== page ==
The First 27 Minutes of Joel Embiid’s Return

Washington taking on Philadelphia was an excellent choice for ESPN’s NBA season-opening game. Washington was returning their full squad (minus Markieff Morris, for now) from a breakout year that fell one quarter short of the Eastern Conference Finals, and they made sound moves to possibly convert their disastrous bench into less of a black hole to first quarter leads. For Philly, you had the past two #1 overall picks playing in their rookie debuts, Dario Saric coming in for his second season after a solid EuroBasket performance, as well as J.J. Redick and Amir Johnson playing their first games as Sixers. You also had the reinstatement of the minutes-restricted phenom of NBA Twitter, Joel Embiid.

Without diverting attention towards Simmons and Fultz, or John Wall playing like an MVP, let’s pan the magnifying glass on Embiid’s performance.

The roof of recently renamed Capital One Arena was nearly blown off into oblivion, taking the internet with it, when Embiid attempted to hammer home a Wilkinseque tomahawk over the corpse of Jason Smith, less than a minute in.

In the early-goings, Embiid was largely used to distribute dribble handoffs and pop out of ball-screens to remove the paint defense of Marcin Gortat; it was a similar approach to what Denver does with Nikola Jokic. There was a glimpse of the handoff potential among Embiid and Redick on this play:

And with Fultz on this play:

Embiid even snatched a rebound to pilot the ball up the court, and find Redick in transition for a hockey assist.

Of course, the multiple dimensions to Embiid’s offensive talent involve shooting from deep-range. Accounting for that factor kept Gortat off-balance, unsure whether to give up a drive or let Joel fire up 3’s. He didn’t connect on any 3-point attempts, but hit this long-2 with his toe on the line.

Mahinmi didn’t look any more comfortable out there, and Embiid showed off his refined pump-and-go technique when the shot-contest was too aggressive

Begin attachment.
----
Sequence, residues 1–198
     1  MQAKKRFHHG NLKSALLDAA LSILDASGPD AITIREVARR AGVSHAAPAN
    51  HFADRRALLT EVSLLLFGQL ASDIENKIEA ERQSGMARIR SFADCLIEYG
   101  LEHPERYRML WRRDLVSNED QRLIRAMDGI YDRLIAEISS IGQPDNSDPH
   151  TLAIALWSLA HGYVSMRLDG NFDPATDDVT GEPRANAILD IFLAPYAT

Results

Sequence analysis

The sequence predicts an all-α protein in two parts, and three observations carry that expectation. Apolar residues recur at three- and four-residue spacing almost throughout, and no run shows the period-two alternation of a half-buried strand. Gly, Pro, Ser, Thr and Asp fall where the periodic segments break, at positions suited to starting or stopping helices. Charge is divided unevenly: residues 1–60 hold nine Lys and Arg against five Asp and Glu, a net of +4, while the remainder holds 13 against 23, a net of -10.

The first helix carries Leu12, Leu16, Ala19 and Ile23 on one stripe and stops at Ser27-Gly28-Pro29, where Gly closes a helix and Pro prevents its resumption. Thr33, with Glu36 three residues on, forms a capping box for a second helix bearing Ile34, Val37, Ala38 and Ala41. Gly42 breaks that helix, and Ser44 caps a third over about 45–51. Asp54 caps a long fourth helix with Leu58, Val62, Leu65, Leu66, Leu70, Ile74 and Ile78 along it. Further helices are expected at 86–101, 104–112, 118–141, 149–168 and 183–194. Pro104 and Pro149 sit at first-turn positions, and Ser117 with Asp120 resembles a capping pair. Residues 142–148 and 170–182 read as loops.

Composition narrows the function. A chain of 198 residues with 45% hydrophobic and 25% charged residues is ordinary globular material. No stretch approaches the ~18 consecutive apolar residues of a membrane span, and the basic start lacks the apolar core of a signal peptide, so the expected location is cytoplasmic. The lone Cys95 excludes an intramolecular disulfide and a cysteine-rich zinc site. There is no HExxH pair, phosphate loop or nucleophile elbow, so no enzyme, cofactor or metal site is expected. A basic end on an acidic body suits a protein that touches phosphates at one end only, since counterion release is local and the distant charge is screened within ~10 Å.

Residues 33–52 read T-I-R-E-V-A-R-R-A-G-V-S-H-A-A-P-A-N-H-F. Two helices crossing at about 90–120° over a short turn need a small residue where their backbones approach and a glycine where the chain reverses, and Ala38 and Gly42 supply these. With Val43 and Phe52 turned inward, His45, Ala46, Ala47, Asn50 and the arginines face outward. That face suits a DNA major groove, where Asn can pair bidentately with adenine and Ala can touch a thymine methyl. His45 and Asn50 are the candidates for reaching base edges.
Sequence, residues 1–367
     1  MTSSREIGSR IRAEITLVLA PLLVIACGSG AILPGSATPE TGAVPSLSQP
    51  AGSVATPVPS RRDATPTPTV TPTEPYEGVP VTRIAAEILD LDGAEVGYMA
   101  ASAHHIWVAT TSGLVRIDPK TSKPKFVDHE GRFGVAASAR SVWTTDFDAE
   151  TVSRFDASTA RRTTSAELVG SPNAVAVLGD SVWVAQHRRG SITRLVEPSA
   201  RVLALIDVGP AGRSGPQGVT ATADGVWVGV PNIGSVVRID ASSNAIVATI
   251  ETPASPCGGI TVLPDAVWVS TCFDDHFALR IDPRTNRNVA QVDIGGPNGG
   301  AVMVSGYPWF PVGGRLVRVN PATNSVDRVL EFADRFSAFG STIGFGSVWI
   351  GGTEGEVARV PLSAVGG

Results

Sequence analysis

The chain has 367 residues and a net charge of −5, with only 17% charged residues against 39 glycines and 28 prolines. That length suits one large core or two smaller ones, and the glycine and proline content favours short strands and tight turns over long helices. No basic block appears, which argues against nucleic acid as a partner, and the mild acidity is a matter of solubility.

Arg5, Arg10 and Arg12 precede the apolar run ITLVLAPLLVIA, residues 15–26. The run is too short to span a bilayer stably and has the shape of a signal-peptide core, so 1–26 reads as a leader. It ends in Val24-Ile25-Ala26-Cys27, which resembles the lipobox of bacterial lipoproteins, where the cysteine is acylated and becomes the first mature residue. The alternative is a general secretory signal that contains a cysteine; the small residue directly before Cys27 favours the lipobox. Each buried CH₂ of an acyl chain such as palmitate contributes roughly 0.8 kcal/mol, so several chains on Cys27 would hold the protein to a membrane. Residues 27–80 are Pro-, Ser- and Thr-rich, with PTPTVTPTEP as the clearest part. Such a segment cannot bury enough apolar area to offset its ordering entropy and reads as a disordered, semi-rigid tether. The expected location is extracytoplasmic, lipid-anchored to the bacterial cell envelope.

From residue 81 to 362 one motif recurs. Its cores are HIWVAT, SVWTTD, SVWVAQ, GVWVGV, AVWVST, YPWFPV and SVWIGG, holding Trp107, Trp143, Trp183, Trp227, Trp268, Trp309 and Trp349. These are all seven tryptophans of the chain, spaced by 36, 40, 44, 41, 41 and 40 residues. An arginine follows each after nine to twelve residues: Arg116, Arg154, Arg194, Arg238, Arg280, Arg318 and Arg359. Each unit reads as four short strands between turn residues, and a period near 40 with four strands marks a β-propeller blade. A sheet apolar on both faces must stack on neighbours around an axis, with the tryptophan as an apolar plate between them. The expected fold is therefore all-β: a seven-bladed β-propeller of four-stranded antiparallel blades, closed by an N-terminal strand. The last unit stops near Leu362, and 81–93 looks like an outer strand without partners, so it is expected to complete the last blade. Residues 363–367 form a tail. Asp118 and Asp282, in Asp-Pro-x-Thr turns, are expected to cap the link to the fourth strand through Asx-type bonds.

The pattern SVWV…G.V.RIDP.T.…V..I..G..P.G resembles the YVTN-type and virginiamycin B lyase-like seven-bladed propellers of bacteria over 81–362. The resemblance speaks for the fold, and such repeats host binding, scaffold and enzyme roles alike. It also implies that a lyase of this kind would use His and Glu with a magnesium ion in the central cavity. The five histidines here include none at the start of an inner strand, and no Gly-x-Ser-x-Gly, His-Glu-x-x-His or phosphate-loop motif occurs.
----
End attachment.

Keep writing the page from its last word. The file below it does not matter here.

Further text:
Being matched-up with Gortat did present a couple sparing post-up opportunities, but it was clear that Ian Mahinmi was seen as a pushover that could, indeed, not guard Embiid. Joel smoked him for a quick 4 points, getting to the line once, and hitting a remarkable one-dribble hesitation pull-up on another possession.

While the exterior component of Philly’s defense failed to keep Wall and Beal out of the lane, the Sixers played some spectacular paint defense, mostly bolstered by Embiid’s help around the basket. Unfortunately, I felt the officials did a poor job of enforcing the verticality concept with no-calls, particularly in the first half, which diminished what looked like a key ingredient of the 76ers well-prepared scouting report. Embiid only tallied one block, but fared much better than Amir Johnson as the defensive anchor. Being able to avoid Wall’s aggressive run to the rim is one thing, but the timing of this block is very impressive.

There were varying reports on what the precise number was for Embiid’s minutes restriction, and it was unclear if he would play in the fourth quarter after playing about 20 minutes in the first three quarters. Washington had a massive third quarter pushing the pace and getting to the free throw line, and when Amir Johnson fouled out at the 7 minute mark of the fourth quarter, it felt like the Wizards had all but spun the safe shut on their first victory of the season. Even though it was still a tied game, when Brett Brown inserted Saric at the 5 against Gortat (and McConnell came in for Covington), the paint defense that had kept the Sixers in the game took a deathblow. Washington ripped off 8 points in less than 2 minutes by cleaning up both misses for 4 second chance points, on 4 possessions. After a show-stopping oop from Beal to Wall, Brown yanked Saric and replaced him with Embiid for the final 5 minutes, with Philly down 108-102.

The Sixers actually outscored Washington by a point in the final five minutes, and had a serious chance late in the game. Embiid scored 6 of Philadelphia’s final 13 points by rolling to the basket after a DHO with Redick, connecting on a put-back, and going back to the one dribble hesitation pull-up he used earlier.

He did, however, miss a crucial boxout when trying to help against Wall:

And then get dissected by a brilliant pick-and-roll pass from Wall in the lane:

I’m not sure even Rudy Gobert instigates a stop on either of those plays. The only time Embiid looked particularly ineffective, was when he tired in the third quarter. On this play, he let Gortat beat him down the floor in transition; Gortat then sealed him to give Wall a 1-on-1 run to the rim.

As this young Philly core rides the rookie and sophomore roller coasters through the season, there will be plenty of excitement and mistakes to go around. Simmons, Fultz and Saric have significant weaknesses to address, but Covington and Embiid stand out as the more well-rounded prospects available. It will take time for Embiid to get into the shape a full season’s worth of minutes demands, but if he can avoid any major set-backs, he looks ready to resume from where he left off last season. Even in playing less than 30 minutes a game, his rare skills and coordination as a big man presents the largest obstacle in an opponent’s path to victory; and he’s likely to let them know that.

Tommy Driscoll



All clips made using YouTube and Giphy.